The path we implicitly sign up for in a professional career is one with continuous movement upward. A sign of progress is having fancier possessions and fancier titles every few years. With it comes an implicit promise of bigger impact. So, every once a while, I find it helpful to ask “what’s the point?”
Most of life’s pleasures are cheap or free. Sure, it is nice to splurge on a nice vacation every once a while. And, maybe some nice additions to our home would make life more convenient. But, for most of us, we probably have all the fundamental parts of Maslow’s hierarchy in place. Earning a lot more money isn’t going to step change our happiness. It might make things easier. But, since when has easy been better?
Furthermore, we learn, time and time again, that few things matter more than the people in our lives. And, again, for most of us, we don’t presumably make friends based on someone’s title. We make friends because they’re people we appreciate, learn from and enjoy spending time with. I have met with enough fancy titled folk over the years to realize there is absolutely no correlation between someone’s career accomplishments and my appreciation for them. The folks I’ve come to love are those who don’t care about any such race. They just deeply care about everyone around them, strive to grow through the daily struggle and work hard to make an impact.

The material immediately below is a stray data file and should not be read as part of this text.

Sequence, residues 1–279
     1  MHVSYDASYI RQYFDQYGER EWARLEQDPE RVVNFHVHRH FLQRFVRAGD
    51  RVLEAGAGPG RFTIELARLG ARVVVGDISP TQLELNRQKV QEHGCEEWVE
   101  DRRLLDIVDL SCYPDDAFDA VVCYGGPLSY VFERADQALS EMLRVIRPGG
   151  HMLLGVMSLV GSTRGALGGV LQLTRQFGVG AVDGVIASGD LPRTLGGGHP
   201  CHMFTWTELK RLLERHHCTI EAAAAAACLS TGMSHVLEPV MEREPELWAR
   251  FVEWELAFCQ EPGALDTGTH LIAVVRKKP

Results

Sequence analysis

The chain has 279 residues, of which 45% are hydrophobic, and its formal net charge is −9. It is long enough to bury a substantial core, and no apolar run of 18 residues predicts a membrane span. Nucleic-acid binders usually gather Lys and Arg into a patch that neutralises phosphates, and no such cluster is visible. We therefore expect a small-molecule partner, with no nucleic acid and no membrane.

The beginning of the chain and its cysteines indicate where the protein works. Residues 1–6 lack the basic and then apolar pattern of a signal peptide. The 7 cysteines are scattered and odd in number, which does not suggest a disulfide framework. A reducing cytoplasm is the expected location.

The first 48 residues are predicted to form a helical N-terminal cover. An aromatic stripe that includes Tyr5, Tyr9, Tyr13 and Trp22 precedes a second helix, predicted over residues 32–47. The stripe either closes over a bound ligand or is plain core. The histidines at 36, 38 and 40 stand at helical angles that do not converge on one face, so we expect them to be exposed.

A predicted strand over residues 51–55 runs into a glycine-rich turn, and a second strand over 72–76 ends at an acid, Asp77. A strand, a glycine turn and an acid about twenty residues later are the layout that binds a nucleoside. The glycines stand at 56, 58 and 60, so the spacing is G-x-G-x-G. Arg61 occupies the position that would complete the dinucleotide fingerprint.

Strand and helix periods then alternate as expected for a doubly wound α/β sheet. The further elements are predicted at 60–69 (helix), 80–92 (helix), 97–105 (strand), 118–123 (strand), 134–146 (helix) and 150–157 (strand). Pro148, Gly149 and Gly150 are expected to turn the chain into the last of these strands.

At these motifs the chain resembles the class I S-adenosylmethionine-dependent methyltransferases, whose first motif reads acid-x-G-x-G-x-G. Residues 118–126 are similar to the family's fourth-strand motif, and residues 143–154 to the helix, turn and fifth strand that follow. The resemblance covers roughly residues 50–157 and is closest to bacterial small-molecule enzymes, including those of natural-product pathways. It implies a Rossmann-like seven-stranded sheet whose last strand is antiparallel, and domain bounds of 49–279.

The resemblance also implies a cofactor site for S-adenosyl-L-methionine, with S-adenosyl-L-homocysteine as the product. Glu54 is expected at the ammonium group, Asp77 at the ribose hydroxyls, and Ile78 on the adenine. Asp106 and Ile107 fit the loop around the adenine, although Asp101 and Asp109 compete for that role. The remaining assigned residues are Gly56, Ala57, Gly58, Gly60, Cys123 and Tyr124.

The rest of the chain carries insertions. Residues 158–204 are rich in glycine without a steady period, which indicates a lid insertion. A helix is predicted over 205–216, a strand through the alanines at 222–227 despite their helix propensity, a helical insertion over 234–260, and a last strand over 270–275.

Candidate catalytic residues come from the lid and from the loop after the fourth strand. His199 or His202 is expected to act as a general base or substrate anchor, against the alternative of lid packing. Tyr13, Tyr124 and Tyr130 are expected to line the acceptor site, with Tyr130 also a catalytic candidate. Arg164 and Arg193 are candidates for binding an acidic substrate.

So, what’s the point? If our fundamental assumption around progress is in question, where does that leave us?
My hypothesis is that asking this question can be incredibly liberating. We are surrounded by so much noise – none of which moves the needle in our happiness and fulfillment. And, most of this noise is surrounded with obsessing about our path forward.
So, here’s where I end up – never mind the future. Just understand which direction you are heading. Look at the map, but not too much. Look behind to learn from what happened – but, not too much. Enjoy the company of those who’re around you. Look them in the eye, smile and help them grow through the journey. Help those along the way who are less fortunate. And, critically, enjoy the now yourself.
In the final analysis, it is the happiness and impact you make during the journey that will matter. They aren’t waiting at a future stop.